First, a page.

Dr Darren Sharpe – Cultivating Young People’s Empowerment and Participation in Society
About this episode
Following the global financial crisis of 2007 and 2008, a related economic emergency known as the Euro Crisis spread throughout Europe. To counter this crisis, the EU imposed a series of austerity measures in the worst-hit countries, which fuelled outrage across Europe. However, it is unclear whether citizens were more outraged about these policies because they had been implemented by EU institutions rather than national governments. Professor Sonia Alonso and Professor Ignacio Sánchez-Cuenca recently set out to understand whether the willingness of citizens to accept unpopular policies varies depending on whether they were introduced by their national governments or by EU institutions.
The perspectives and characteristics of specific historical periods are often reflected in the literary texts produced and circulated at the time. Dr Andrea Binsfeld, an Associate Professor at University of Luxembourg, has conducted several studies examining narratives of slavery in ancient texts, including novels and political discourses. Her analyses outline, from a different perspective, the deep impact that the institution of slavery had in Greek and Roman societies.
Dr Candice M. Duncan – Dr Evelyn E. Cooper | Improving Agriculture and Geoscience through Educational Initiatives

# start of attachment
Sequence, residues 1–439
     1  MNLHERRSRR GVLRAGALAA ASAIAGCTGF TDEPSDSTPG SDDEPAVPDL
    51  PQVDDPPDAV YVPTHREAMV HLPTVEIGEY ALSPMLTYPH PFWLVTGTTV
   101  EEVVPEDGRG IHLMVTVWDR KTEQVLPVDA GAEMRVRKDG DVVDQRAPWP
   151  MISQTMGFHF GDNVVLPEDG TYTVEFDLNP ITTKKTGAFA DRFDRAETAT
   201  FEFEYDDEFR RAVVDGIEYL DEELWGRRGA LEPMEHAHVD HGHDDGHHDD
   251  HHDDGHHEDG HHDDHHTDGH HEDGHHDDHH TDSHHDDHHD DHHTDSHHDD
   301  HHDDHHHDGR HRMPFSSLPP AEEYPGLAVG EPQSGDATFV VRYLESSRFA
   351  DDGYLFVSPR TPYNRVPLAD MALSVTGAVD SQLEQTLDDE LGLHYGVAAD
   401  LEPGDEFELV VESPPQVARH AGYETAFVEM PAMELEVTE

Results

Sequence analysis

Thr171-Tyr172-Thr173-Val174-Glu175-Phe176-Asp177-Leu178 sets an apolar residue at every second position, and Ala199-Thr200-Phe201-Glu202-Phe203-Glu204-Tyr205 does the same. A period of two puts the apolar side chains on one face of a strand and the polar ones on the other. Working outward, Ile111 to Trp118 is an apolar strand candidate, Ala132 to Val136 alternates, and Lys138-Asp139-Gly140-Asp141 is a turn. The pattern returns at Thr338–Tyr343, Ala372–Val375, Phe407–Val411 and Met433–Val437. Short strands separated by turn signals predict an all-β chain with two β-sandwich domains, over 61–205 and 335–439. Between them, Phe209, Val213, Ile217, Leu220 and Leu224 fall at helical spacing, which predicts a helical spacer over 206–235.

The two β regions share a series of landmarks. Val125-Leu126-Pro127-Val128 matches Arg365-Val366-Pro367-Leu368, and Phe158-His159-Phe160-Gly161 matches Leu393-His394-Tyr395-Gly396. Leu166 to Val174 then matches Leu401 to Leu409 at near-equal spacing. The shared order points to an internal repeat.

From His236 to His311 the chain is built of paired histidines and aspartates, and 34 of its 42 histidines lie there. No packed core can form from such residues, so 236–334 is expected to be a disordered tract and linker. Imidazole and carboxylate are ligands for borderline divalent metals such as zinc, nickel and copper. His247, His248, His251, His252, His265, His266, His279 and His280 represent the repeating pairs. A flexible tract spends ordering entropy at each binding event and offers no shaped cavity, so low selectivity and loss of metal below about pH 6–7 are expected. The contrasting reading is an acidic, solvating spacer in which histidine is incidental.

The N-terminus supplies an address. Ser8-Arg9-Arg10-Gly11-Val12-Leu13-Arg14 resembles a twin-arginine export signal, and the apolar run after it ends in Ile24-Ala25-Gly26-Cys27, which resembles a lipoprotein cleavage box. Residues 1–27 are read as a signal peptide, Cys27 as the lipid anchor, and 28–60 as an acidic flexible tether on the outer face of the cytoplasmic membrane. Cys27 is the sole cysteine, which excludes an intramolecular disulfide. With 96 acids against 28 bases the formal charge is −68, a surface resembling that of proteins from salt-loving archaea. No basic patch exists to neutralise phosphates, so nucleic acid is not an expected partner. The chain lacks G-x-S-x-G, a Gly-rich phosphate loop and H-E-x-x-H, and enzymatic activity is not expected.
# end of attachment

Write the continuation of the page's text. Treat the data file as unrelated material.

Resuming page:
The College of Agriculture and Natural Resources at the University of Maryland College Park provides exciting student experiences through three innovative programs: AgDiscovery, Summer Opportunities in Agricultural Research and the Environment (SOARE), and SOARE: Strategic Work in Applied Geosciences (SOARE:SWAG). These educational initiatives aim to build a stronger scientific workforce by inspiring young people from underserved communities to pursue science careers.
Technology has opened up new possibilities in the world of literature, by enabling the dissemination of artistic texts through digital media, and even by creating language-based art. John Cayley, Professor of Literary Arts at Brown University, was a pioneer of language-based digital art. Since the beginning of personal computing, he has been experimenting with the use of computer programs and algorithms to create poetry.
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